My Bodies series is the core foundation of my work: nude bodies facing straight towards the camera without any background or distractions, in what are hopefully interesting poses. While creating the series I've come up with my own methodology of posing which starts at the legs. Let's dive into some examples as I've noticed this is one of the areas models aren't very familiar with.
This post contains unretouched images
You'll notice I've broken out sections according to different body types as different body types gravitate towards different poses, part of the fun of dealing with nude models is figuring out the poses that best suit their body type. While I do have specific examples for each body type my theories in general are:
- Try and balance the model's top half with their bottom half
- Try to not point anything straight towards the camera
- Try to bend both knees, or if that doesn't work just bend one
I say try because there are no set rules in Photography so you shouldn't get in the mindset that you have to do anything. Seeing an experienced model break all of these rules and pull off something completely new is always a great feeling.
Models with Large Legs
My go to theory with large legs is to separate the legs as to not break the 'Try and balance the model's top half with their bottom half' rule, so that's where I start. You'll notice that most models will keep their legs together when posing, so it's easy to get one shot of what legs together will look like in the beginning. Sometimes you get lucky with the "legs together" pose, but most of the time it's time to separate the legs. The separation itself can be anywhere from slight to extreme and I usually go through the entire range to find the pose I like, though I usually settle on the slight to medium leg separation range.
Here are some examples:
Models with Medium Legs
Going through my photos to help illustrate these sections I found most models fit into the 'large' or 'skinny' category, so you won't run into many medium legged models in practice. I still consider separation more of the rule with this body type with the additional aim of also making the model as curvy as possible. With 'large legs' separation, if you don't go extreme, it's just a matter of moving the legs apart at the right width and slightly bending the knee as you don't have much space to play with, but when you start dealing with 'medium' or 'skinny' legged models things needs to be more exaggerated.
Let's take a look:
Models with Skinny Legs
While with 'medium' and 'large' legged models it's all about curves, with 'skinny' legged models it's all about angles. Generally skinny legged models are also very skinny so it's hard to get any curves out of them, instead you can form interesting geometric shapes with just their limbs. Leg separation here is the norm, you don't want to put their legs together if you can help it. You can also exploit the fact that they can touch their feet together while still maintaining a thigh gap, which I seem to do way too often. I actually find it hard to vary poses with these types of models as the whole angles things doesn't lend itself to many variations.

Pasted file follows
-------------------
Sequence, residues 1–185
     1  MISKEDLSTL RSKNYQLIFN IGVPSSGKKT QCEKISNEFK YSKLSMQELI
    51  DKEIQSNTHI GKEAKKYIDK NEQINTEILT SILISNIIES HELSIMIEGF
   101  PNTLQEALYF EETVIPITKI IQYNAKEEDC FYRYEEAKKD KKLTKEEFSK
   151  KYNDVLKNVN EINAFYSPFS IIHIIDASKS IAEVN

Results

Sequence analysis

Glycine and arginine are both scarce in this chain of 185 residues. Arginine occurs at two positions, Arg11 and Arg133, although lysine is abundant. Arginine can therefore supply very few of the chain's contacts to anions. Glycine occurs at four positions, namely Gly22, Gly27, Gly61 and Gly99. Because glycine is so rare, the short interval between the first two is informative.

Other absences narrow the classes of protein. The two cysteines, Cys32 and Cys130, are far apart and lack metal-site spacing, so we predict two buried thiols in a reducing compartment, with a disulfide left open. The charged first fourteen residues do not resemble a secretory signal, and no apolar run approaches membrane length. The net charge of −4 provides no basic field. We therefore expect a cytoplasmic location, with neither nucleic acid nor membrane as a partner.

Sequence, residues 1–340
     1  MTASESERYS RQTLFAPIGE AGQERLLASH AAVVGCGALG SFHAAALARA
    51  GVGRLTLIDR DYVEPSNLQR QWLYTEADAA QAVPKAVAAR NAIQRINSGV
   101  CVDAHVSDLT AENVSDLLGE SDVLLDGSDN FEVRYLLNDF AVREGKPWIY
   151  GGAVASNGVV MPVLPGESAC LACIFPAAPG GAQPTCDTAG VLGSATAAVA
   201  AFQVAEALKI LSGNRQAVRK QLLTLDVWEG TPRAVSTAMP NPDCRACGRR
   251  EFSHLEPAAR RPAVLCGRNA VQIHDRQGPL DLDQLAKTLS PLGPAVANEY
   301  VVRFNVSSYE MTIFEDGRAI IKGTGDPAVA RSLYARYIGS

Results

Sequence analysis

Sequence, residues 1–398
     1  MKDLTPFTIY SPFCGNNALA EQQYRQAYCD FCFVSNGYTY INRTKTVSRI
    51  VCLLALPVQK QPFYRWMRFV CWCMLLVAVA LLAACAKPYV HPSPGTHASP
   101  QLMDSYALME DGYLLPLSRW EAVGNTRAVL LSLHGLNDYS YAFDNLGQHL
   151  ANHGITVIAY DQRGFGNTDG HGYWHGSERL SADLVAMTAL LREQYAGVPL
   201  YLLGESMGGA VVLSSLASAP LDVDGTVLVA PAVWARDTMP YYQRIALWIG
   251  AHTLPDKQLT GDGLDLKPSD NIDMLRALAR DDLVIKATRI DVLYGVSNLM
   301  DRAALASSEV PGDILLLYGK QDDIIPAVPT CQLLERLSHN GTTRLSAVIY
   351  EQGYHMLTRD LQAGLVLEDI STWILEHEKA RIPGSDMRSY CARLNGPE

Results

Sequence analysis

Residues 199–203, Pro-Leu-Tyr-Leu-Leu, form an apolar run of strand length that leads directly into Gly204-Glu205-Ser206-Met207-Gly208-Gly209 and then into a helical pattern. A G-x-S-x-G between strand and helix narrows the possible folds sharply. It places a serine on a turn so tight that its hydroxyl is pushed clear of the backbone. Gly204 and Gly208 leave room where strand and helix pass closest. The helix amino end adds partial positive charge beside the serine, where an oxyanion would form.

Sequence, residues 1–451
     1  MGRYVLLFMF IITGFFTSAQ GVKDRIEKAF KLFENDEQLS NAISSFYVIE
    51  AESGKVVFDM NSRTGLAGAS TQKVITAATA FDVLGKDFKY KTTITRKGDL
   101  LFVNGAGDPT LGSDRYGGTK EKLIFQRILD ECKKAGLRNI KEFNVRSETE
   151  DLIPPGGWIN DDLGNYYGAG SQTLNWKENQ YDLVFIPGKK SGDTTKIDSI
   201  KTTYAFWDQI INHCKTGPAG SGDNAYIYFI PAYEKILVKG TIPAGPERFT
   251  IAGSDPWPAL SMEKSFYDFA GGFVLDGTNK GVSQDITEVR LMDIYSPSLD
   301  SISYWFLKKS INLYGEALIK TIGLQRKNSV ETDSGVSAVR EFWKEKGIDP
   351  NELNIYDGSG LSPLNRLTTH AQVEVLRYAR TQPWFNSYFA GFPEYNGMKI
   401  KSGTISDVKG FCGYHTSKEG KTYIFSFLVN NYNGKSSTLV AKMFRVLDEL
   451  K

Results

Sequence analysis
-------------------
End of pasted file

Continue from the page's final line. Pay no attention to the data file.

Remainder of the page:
Here are some skinny legs:
Other stuff I like
I sure like duck feet, all too often it's my go-to pose for new models as it's easy to achieve. You'll find that when it comes to instructing new models how to pose it's easier to demonstrate yourself or show them a picture rather than try and describe how they should contort themselves. And boy is it easy to show someone how to do duck feet.
Another go-to new model pose is the leg out and knee bent inward. Also easy to describe and achieve it often ends up as my chosen leg pose when nothing else seems to work, in fact the first two models below were modeling for the very first time.
I'm a big fan of geometric poses, especially symmetrical geometric poses. Generally this involves making triangles of some sort with the arms and then keep the legs straight in some fashion or another. For these poses the legs are to compliment the action on the top, which is generally where you can find the angles.
I also seem to do this wobbly kind of duck feet leg thing, which is in essence is making the inward knee pose closer together and super curvy. Sometimes this can really border on goofy, but I feel it creates something which warrants a second glance. You can also never go wrong making a model more curvy.
As I touched on before, when you first start shooting your model she's going to look a whole lot like this:
If this isn't your cup of tea then you'll have to be vocal and show some examples of what you want. I typically let the model do their thing for the first dozen shots or so to see if anything clicks right away, it's always better if a model does something naturally rather you can tell them to do it, being vocal if they don't switch up their leg position along the way. I then review those dozen or so shots and start narrowing in on the correct leg position. After I find the particular leg position I instruct them to stay like that and then just vary their arms, the downside of this is that the legs will look the same for every shot:
So make sure you actually like the leg position you chose. I do tend to switch things up a bit after doing one leg position for a couple minutes to avoid any post-shoot regrets.
I also make sure after I get the shot I’m after I let them go and do their thing again, or else you’ll miss dynamic poses like this:
Though she needed no instruction at all.
More Leg Position Examples
I thought it might be fun to throw out even more leg position examples in case anyone needs any inspiration. If you made it this far I hope some kernel in here helps you out with your next posing session!